Highlighting Historical Romance with Jeanine Englert and Victorian funeral practices
Layer-out of the Dead: Once a Matriarchal Profession
The layer-out of the dead of times past was the equivalent to today’s mortician. Preparing bodies for burial was predominantly performed by women up until the later portion of the Victorian era when mourning and all the practices that came along with it became its own business. Once men learned of the money that could be had in preparing bodies for burial and honoring the loss of loved ones, morticians became fashionable and the “business” of burying the dead was born, displacing many of the jobs previously performed by women to men. And as you may have guessed, the layer-out was well, out of fashion.
The business of dying became a consumer affair full of tradition and etiquette. Not only were there specific mourning clothes, procedures, and practices after a family member passed on, there were preparations one often made while one lived. It wasn’t uncommon for families to go without the necessities while living to ensure they had the money needed to provide a proper rather than pauper like burial for any of their family members if they died. “Burial clubs” ensured such appropriate funerals, by providing an insurance policy of sorts, to families making sure its members were cared for and provided proper funerals, when needed.
The job of preparing a body for burial had morphed into a business, one that no longer needed a simple layer-out of the dead, like my novel’s heroine, Lucy Wycliffe. But for hundreds of years before that, women had been the primary preparers and caregivers of the dead before they were seen to pass on to whatever they believed to be the next world.
About the Book
When two murders strike the sleepy Victorian town of Clun, England, an unlikely partnership forms. But can the killer be found before there is a third?
Lovely Digits is the town oddity…
But quirky spinster Lucy Wycliffe prefers to ignore gossip and embrace her position as the town’s layer out of the dead, despite how her parents’ deaths thrust her into such unlikely work. Lovely Digits, as she’s known to the local townspeople, no longer dreams of marriage, but takes pride in providing dignity to the dead. Desperate to hold on to her family’s cottage and support her widowed sister and young niece, an unexpected offer of employment as assistant to the constable arrives at the perfect time.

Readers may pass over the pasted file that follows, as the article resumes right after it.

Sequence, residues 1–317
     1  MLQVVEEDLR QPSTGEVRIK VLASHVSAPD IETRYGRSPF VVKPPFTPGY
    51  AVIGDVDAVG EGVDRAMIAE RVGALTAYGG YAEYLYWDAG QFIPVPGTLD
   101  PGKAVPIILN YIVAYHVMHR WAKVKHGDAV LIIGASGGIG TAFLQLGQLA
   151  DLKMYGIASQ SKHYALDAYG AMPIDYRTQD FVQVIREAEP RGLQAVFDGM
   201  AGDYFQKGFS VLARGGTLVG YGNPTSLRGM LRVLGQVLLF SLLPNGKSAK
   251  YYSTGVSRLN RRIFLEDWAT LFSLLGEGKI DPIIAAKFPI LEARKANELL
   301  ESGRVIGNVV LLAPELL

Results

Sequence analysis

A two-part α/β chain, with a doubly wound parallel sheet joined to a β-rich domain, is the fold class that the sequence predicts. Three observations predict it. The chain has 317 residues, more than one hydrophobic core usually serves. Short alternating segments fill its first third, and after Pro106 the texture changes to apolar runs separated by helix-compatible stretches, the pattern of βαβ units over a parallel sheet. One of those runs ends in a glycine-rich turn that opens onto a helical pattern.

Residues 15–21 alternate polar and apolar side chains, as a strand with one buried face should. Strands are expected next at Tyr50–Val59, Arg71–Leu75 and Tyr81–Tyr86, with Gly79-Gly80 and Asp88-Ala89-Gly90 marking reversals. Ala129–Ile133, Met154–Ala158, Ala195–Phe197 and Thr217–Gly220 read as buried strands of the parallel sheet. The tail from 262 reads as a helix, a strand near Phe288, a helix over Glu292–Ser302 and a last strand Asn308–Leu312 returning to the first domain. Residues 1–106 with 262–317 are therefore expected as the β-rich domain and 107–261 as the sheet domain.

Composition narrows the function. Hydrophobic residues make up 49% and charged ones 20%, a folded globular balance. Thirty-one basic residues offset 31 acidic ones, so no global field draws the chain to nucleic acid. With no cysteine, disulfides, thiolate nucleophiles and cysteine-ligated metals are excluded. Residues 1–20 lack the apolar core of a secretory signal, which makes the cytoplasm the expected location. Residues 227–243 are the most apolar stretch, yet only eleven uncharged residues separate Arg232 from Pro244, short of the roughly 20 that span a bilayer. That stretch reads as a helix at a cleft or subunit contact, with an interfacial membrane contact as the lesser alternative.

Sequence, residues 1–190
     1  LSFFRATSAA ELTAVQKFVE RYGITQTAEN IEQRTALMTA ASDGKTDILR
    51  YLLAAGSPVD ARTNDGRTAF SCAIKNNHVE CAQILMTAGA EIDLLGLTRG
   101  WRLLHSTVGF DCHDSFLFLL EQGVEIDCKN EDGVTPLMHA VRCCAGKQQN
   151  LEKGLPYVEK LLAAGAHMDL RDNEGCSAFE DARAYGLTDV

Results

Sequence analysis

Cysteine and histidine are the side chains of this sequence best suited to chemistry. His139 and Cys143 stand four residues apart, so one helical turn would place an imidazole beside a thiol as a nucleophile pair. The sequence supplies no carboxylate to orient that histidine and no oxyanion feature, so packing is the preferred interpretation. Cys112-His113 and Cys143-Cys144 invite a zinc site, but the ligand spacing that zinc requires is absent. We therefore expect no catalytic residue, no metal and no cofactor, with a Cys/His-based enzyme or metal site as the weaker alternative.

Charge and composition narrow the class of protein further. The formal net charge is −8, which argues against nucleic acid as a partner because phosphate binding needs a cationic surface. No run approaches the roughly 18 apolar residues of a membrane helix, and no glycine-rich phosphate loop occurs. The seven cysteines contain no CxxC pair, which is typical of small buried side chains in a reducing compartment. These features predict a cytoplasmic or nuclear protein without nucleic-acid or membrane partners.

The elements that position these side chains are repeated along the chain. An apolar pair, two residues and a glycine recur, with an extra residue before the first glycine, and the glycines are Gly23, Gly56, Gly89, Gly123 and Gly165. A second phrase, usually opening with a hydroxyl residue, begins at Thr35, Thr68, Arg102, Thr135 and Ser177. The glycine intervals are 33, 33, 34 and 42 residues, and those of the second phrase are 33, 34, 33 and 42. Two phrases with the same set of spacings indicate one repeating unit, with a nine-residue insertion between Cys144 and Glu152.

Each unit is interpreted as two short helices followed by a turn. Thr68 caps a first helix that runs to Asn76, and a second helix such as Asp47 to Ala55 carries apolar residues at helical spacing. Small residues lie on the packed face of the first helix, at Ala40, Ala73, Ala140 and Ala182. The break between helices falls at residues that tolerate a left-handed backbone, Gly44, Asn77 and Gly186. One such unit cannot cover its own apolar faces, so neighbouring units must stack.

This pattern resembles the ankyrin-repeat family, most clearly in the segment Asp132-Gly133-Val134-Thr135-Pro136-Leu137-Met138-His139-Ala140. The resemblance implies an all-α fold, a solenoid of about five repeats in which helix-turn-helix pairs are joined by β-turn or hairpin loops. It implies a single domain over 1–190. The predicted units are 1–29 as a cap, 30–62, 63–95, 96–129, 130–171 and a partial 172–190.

Former sailor John Brodie is the mysterious new constable…
But John Brodie is far from a stranger to Clun or the events of its past. Accepting the position as constable in the small town is a double edged sword meant to heal his past and redeem his future, but falling for the beautiful and intelligent Lucy Wycliffe was never part of his plan. As the killer closes in, will John reveal his secret and risk losing everything to save Lucy’s life?
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About the Author
Jeanine Englert is a Golden Heart ® Finalist and Daphne du Maurier Award winner in historical romantic suspense. After years of writing in secret, she joined Romance Writers of America and Georgia Romance Writers in 2013 and has been an active member ever since. She writes Scottish Highland historicals and historical romantic suspense novels.
When she isn’t wrangling with her characters on the page, she can be found trying to convince her husband to watch her latest Masterpiece or BBC show obsession. She loves to talk about books, writing, her beloved pups, and of course mysteries with other readers on Twitter @JeanineWrites, Facebook, or at her website www.jeaninewrites.com.
Her debut novel, Lovely Digits, released in June of 2019 by Soul Mate Publishing, is a Victorian romantic suspense that won the 2017 Daphne du Maurier Award and was named a 2018 Golden Heart ® Finalist for best unpublished romantic suspense.
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